Greek civil service union launches 2-day strike

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Greece’s Prime Minister Antonis Samaras arrives to make a statement to the media at the Finance Ministry in Athens, on Tuesday, March 18, 2014. Greece says it has reached an agreement with its international debt inspectors that will allow the release of a long-delayed rescue loan installment. Samaras said Tuesday that the agreement does not include the requirement for any new austerity measures. Finance Minister Yannis Stournaras said the text of the deal was being written up. (AP Photo/Thanassis Stavrakis)

Greece’s Prime Minister Antonis Samaras arrives to make a statement to the media at the Finance Ministry in Athens, on Tuesday, March 18, 2014. Greece says it has reached an agreement with its international debt inspectors that will allow the release of a long-delayed rescue loan installment. Samaras said Tuesday that the agreement does not include the requirement for any new austerity measures. Finance Minister Yannis Stournaras said the text of the deal was being written up. (AP Photo/Thanassis Stavrakis)

A protesting school guard waves to her colleagues as they dangle banners from the Athens City Hall, on Tuesday, March 18, 2014. Dozens of school guards, who have been suspended on reduced pay pending transfer to other public sector jobs or dismissal, occupied the building. The conservative-led government has committed to sack thousands of civil servants this year. Greece concluded its tortuous negotiations with its international debt inspectors Tuesday, reaching a deal that will allow the release of a long-delayed rescue loan installment. The banner at right reads “No to Layoffs” (AP Photo/Thanassis Stavrakis)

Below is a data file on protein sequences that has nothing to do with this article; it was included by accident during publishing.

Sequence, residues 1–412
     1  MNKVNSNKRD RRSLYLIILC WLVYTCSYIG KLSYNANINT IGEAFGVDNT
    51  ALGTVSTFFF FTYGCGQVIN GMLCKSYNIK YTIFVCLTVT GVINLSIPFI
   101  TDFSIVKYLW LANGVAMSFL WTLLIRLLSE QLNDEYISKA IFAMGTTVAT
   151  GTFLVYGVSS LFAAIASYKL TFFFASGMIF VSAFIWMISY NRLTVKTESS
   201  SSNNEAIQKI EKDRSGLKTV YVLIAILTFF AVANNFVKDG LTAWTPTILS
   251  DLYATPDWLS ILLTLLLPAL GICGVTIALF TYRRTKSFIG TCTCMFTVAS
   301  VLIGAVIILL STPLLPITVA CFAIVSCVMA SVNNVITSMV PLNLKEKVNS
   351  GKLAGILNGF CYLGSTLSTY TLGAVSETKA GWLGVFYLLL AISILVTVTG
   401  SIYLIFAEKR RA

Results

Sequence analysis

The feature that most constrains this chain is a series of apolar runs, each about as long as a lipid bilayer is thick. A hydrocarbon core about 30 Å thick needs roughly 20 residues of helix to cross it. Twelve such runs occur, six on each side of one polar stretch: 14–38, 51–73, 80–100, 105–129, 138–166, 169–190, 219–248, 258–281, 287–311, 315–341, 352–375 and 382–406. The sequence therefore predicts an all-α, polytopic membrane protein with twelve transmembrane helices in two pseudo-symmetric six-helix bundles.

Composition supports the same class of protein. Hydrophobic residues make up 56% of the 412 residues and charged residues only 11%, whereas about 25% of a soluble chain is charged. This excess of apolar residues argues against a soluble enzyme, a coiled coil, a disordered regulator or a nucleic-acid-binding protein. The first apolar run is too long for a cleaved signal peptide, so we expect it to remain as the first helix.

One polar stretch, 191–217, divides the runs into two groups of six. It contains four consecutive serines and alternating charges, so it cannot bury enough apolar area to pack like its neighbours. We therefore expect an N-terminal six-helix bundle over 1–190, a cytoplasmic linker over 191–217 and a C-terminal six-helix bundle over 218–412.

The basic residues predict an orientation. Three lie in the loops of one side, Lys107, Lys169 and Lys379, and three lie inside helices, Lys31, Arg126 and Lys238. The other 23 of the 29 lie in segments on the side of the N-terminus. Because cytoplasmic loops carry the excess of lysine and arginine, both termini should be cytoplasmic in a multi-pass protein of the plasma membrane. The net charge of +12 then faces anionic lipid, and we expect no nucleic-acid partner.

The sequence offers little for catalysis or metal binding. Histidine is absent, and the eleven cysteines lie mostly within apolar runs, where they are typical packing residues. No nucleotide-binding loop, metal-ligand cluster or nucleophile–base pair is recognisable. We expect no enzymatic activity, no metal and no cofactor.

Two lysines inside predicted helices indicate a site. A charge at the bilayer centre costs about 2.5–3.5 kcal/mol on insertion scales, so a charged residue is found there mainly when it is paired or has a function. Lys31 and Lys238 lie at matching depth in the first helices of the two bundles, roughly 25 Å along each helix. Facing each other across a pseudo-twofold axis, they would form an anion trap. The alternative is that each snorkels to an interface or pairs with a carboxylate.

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ATHENS, Greece (AP) — Greek civil servants, including hospital and teaching staff, have started a two-day strike against austerity measures imposed under the debt-mired country’s international bailout commitments.

Unions are also planning a protest march later Wednesday through central Athens.

Greece’s Adedy umbrella public sector union has accused the conservative-led government of taking too passive a stance in its latest round of negotiations with bailout creditors, which concluded on Monday. Unionists are also angry at cost-saving plans to sack thousands of public sector workers.

Prime Minister Antonis Samaras says Monday’s deal does not require any new austerity policies.

The country has depended on money from other European countries and the International Monetary Fund since mid-2010. The payment of the rescue loans depends on Athens meeting a range of budget targets and enacting economic reforms.

Associated Press

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